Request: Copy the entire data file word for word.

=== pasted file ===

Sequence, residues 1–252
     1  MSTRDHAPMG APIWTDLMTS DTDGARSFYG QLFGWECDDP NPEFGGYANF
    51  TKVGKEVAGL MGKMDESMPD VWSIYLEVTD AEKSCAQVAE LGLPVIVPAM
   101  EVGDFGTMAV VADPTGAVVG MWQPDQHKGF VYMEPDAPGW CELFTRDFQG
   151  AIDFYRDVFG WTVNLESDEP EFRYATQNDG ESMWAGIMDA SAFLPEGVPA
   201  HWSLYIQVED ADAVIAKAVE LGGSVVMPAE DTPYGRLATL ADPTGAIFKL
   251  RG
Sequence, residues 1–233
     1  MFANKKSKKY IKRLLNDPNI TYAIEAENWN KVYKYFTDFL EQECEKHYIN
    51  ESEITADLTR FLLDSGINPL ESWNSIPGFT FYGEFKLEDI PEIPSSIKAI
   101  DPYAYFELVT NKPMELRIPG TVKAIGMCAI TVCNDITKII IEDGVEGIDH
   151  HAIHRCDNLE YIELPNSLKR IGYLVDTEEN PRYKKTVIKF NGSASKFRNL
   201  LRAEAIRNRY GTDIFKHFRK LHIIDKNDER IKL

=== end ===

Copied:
Sequence, residues 1–252
     1  MSTRDHAPMG APIWTDLMTS DTDGARSFYG QLFGWECDDP NPEFGGYANF
    51  TKVGKEVAGL MGKMDESMPD VWSIYLEVTD AEKSCAQVAE LGLPVIVPAM
   101  EVGDFGTMAV VADPTGAVVG MWQPDQHKGF VYMEPDAPGW CELFTRDFQG
   151  AIDFYRDVFG WTVNLESDEP EFRYATQNDG ESMWAGIMDA SAFLPEGVPA
   201  HWSLYIQVED ADAVIAKAVE LGGSVVMPAE DTPYGRLATL ADPTGAIFKL
   251  RG
Sequence, residues 1–233
     1  MFANKKSKKY IKRLLNDPNI TYAIEAENWN KVYKYFTDFL EQECEKHYIN
    51  ESEITADLTR FLLDSGINPL ESWNSIPGFT FYGEFKLEDI PEIPSSIKAI
   101  DPYAYFELVT NKPMELRIPG TVKAIGMCAI TVCNDITKII IEDGVEGIDH
   151  HAIHRCDNLE YIELPNSLKR IGYLVDTEEN PRYKKTVIKF NGSASKFRNL
   201  LRAEAIRNRY GTDIFKHFRK LHIIDKNDER IKL